At Mulliners, Ministry of Labour officials set up an advisory office. Mulliners had said that, because of the credit squeeze on hire purchase, at least 700 vehicle builders would be declared redundant later in the month.The Ministry men were advising workers of all the other jobs available in the Midlands. Standard-Triumph also announced that Frank Dixon had been appointed Deputy Managing Director of Standard-Triumph International.

Short-time working introduced at Triumph

On 22 September Standard-Triumph stated that some workers at its Coventry factories were to begin a 19-hour week. A spokesman for the firm said that less than 25 per cent of the 8000 workers at the factories were ‘in the early stage’ to work a two and a half-day week. The remainder, he said, would work longer hours than this.

The company spokesman added: ’To avoid redundancy the company has decided upon short-time working. The work available varies from department to department as do also the hours of work. Details of the work available are under discussion between the company and the workers’ representatives. It will be some days before a complete picture will be available.’

Standard-Triumph, which produced about 5000 cars a week, was understood to have cut production of the Vanguard range by half because of the credit squeeze and falling American sales. A 30 per cent cut had been made in the Triumph Herald and Triumph sports car output. The average wage of manual workers at the firm was £23 a week. The cut in hours was expected to reduce the weekly pay packets to about £11 to £12.

A deal struck in the USA, new factory in Belgium

While all this was going on, sometime during September 1960 American Motors of Detroit offered to sell Standard-Triumph CKD kits of body components for its forthcoming Rambler American model. The idea was that Standard-Triumph would transplant its own power train into the Rambler American body to create a cheap and quick replacement for the Vanguard.

While Standard-Triumph was putting workers on short time in the UK, in Belgium it was opening a new factory at Malines. On 4 October Standard-Triumph International marked the opening by the British Ambassador, Sir John Nicholls, with an immediate reduction in the Belgian price of the Triumph Herald.

Triumph Herald - The story of Rover and Triumph
Triumph Herald

Alick Dick, the Managing Director, announced that the benefits of manufacturing inside the Common Market, later known as the European Union, had made possible an important cut of £49 (7000 Belgian francs) to £496 10s. ’We are determined to keep pace with the demands of the continental markets. My company in common, I believe, with the rest of the United Kingdom motor industry, looks upon the division of Europe economically as little short of a catastrophe, but we cannot afford to wait for those whose responsibility it is to resolve the undoubted problems which still exist in bringing them together, and we have therefore launched this project,’ he said.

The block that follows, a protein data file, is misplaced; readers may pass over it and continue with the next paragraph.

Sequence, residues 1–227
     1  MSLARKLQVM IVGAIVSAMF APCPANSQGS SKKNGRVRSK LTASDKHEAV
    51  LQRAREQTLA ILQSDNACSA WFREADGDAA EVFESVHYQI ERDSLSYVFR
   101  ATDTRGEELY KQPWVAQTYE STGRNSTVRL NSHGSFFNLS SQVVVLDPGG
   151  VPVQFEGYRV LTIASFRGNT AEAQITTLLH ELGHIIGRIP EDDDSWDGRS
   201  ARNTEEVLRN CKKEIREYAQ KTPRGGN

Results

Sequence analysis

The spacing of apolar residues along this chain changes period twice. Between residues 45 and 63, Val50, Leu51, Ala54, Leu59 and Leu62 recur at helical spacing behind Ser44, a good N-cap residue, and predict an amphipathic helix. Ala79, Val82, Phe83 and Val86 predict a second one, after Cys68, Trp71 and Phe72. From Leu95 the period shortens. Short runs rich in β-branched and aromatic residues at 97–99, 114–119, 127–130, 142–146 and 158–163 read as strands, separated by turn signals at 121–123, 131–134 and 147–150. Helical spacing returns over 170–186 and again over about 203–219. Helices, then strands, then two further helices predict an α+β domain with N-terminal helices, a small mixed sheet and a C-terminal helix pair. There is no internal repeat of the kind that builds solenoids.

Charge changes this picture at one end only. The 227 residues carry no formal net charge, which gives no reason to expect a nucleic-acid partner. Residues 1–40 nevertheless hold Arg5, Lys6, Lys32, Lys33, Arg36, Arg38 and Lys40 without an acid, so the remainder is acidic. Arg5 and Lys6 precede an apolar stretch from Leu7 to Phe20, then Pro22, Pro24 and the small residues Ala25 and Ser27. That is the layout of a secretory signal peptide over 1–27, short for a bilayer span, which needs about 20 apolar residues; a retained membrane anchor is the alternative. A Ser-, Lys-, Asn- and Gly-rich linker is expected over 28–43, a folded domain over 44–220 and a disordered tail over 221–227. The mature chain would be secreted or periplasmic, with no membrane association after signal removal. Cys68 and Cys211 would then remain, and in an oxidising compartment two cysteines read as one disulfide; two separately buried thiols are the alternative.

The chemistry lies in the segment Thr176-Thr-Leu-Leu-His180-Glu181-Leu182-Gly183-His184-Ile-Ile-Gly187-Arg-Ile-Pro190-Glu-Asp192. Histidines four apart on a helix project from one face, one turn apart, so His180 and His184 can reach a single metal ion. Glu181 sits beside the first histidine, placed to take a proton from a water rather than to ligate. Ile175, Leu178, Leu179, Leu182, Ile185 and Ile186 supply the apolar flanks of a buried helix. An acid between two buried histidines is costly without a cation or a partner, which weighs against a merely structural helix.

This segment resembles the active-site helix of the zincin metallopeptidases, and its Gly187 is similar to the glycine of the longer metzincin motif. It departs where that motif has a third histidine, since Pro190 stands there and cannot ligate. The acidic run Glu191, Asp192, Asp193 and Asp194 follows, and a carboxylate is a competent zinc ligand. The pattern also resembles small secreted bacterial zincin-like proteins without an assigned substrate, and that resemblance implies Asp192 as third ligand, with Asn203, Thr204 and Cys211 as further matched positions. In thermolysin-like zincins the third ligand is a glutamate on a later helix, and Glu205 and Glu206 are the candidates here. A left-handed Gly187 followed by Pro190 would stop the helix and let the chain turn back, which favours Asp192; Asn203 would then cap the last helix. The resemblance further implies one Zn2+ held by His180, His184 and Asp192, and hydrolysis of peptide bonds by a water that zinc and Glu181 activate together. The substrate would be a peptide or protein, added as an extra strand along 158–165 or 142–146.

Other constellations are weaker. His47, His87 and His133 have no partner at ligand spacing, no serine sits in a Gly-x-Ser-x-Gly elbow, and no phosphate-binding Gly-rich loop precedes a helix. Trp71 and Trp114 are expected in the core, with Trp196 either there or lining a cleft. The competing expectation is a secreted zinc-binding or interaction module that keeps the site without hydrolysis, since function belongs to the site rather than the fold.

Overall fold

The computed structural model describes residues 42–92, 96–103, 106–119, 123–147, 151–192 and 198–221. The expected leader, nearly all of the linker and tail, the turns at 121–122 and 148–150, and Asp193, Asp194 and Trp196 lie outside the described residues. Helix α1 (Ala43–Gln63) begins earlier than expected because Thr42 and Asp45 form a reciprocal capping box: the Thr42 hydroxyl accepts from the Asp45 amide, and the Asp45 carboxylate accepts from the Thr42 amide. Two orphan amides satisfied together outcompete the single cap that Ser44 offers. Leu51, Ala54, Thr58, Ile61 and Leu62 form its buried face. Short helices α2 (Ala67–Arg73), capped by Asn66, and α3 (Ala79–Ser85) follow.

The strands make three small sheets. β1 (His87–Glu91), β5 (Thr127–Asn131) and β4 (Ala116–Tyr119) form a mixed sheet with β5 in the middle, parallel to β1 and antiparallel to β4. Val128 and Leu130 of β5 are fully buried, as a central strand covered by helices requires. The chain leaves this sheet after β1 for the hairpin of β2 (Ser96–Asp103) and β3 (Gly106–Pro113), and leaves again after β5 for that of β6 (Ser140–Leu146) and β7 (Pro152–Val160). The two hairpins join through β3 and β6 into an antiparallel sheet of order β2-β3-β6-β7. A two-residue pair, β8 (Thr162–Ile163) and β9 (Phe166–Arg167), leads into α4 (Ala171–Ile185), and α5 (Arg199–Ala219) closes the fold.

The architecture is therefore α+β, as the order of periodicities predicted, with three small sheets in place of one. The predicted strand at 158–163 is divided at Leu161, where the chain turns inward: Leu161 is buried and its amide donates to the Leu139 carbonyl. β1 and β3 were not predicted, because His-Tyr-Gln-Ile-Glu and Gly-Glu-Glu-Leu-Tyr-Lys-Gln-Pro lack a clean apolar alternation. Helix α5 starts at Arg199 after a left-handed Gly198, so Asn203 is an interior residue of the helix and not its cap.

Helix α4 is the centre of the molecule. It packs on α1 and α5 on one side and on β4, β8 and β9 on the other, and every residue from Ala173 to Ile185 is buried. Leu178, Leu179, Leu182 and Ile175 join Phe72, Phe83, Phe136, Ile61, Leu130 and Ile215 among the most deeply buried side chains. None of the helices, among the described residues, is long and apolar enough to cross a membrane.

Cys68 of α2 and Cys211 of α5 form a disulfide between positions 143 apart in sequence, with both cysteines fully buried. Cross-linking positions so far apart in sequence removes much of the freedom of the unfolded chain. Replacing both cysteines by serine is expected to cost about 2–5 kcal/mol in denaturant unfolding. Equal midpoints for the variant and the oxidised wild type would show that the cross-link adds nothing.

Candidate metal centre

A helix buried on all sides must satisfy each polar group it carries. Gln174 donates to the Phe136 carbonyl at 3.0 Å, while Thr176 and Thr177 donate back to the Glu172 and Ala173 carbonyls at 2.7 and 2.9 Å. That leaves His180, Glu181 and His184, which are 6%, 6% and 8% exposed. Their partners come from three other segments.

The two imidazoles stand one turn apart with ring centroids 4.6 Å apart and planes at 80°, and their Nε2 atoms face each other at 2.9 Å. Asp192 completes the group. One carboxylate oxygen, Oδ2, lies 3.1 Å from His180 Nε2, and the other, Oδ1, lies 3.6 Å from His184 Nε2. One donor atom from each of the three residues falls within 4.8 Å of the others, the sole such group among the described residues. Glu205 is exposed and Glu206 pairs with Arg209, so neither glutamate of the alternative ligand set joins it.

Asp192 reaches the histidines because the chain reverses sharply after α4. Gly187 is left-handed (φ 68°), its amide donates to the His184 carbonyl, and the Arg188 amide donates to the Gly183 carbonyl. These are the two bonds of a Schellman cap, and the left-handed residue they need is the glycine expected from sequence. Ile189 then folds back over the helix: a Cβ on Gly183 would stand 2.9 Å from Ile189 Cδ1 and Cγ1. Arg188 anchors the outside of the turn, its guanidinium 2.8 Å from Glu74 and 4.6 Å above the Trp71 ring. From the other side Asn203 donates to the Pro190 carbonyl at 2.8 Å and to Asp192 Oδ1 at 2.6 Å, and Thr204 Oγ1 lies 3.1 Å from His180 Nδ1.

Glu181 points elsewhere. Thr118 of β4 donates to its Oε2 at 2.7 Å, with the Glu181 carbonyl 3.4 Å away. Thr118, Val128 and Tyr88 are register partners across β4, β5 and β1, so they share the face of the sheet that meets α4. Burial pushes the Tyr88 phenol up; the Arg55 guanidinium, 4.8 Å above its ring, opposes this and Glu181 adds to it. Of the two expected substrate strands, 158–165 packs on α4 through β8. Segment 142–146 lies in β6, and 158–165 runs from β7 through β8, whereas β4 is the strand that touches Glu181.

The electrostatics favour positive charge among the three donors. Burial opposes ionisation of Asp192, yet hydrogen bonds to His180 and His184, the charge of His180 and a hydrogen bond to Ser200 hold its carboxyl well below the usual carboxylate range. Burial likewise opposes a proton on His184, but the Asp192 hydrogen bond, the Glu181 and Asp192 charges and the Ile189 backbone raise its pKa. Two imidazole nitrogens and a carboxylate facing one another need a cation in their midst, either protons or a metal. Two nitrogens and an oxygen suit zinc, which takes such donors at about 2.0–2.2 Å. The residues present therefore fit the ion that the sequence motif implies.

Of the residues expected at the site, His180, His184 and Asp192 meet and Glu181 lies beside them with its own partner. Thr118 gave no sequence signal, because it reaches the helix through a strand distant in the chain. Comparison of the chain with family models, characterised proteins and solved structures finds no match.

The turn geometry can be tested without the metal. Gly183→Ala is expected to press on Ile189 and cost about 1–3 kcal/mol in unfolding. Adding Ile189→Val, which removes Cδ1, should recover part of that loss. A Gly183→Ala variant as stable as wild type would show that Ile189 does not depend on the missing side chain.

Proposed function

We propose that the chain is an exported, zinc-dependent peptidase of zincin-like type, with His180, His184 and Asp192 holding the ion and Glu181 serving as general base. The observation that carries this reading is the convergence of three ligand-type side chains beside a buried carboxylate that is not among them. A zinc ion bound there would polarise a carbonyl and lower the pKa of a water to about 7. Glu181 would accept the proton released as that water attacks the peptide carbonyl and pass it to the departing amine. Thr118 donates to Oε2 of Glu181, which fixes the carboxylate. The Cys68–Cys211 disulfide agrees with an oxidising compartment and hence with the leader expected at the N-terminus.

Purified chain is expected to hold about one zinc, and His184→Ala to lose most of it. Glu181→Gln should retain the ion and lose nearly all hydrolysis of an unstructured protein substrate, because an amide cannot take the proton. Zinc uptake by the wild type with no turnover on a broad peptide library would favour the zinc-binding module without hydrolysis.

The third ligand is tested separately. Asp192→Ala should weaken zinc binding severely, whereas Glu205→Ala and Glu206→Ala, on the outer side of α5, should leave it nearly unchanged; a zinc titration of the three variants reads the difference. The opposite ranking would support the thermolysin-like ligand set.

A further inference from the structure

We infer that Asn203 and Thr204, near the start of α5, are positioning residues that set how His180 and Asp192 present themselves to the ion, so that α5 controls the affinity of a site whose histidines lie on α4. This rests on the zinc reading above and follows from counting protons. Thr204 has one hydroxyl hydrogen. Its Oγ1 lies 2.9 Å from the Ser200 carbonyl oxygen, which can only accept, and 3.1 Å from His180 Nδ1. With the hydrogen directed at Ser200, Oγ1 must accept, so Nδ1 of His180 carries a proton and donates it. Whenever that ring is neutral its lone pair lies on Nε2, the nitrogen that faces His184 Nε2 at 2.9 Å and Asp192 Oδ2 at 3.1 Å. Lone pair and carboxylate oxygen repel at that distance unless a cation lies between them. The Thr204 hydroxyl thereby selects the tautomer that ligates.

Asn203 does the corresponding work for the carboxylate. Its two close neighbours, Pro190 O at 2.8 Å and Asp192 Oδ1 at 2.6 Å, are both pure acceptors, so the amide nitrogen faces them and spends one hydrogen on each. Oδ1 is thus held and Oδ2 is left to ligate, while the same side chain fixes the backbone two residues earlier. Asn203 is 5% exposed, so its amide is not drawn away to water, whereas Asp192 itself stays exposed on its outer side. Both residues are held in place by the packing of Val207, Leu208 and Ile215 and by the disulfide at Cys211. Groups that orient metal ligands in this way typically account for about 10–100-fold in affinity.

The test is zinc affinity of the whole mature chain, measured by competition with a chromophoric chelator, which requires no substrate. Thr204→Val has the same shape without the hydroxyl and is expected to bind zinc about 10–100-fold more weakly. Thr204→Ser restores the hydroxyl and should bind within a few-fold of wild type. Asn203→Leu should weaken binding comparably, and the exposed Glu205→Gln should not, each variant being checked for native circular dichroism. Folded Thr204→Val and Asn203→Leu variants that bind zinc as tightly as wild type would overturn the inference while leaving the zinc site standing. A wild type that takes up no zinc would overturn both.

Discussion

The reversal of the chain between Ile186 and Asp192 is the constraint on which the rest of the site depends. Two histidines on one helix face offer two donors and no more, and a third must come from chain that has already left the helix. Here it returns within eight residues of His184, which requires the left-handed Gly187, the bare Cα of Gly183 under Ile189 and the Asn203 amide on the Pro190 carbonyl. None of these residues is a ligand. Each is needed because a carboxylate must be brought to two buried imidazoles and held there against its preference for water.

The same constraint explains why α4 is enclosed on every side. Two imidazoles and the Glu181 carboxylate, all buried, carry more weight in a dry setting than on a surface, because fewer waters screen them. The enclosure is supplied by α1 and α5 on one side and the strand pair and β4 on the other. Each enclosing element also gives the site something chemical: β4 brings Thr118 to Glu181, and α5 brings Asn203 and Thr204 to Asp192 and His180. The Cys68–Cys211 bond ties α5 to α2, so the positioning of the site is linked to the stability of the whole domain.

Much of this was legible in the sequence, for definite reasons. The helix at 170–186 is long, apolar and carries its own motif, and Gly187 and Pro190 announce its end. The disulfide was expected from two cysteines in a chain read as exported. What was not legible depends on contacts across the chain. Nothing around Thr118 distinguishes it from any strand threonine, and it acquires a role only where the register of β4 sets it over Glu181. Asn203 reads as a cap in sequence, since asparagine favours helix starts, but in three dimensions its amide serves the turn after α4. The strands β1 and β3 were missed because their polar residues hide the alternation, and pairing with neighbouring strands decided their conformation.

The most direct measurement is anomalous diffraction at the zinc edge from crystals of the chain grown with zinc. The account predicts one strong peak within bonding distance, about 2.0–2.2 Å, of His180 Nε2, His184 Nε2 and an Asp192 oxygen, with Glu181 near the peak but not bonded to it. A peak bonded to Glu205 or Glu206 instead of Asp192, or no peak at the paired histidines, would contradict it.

Benefits of European production

It was reported that Standard-Triumph saved 14 per cent on tariff costs by assembly in Belgium rather than importing cars completed in the United Kingdom. The new factory, built in little more than four-and-a-half months, was planned to initially turn out cars at the rate of 2500 a year, and it was hoped to raise this progressively up to 10,000 a year.

‘We are determined to keep pace with the demands of the continental markets. My company in common, I believe, with the rest of the UK motor industry, looks upon the division of Europe economically as little short of a catastrophe.’ – Alick Dick

Production would concentrate on the three-model Triumph Herald range and the Triumph TR3, and at first be devoted to the Belgian market, but, with the prospect of continuing reductions in internal tariffs among the Common Market countries, exports to the other countries of the six members would plainly follow.

The problem with describing the British motor industry in the period before the UK joined the European Economic Community (EEC) in 1973, is that attitudes were very much UK-centric. It was all well and good for politicians and analysts to exhort the British motor industry to export, but they did not have to deal with trade tariffs that made British made vehicles price uncompetitive in EEC countries. Trade tariffs effectively kept Britain out of the larger EEC car market, but also kept cars from France, West Germany and Italy out of Britain in large volume.

Short-time working and redundancies

A week later Rover revealed that, in the wake of the credit squeeze, they were operating a four-day week. Then, on 18 October, it was reported that nearly 60 men employed at the Speke No.1 factory, Liverpool, of Standard-Triumph International had been declared redundant. It was hoped the men would be re-employed later.

During October Alick Dick and Martin Tustin flew to Detroit to discuss a deal between Standard-Triumph and American Motors over body supplies.

Rover held a Board meeting on 24 October where it was agreed to put the P6 project into production. The next day, Rover revealed its financial results. Group profit rose to £2,764,973, from £1,902,046, after depreciation of £1,150,864 (£636,011). Tax required £1,589,404 (£905,209).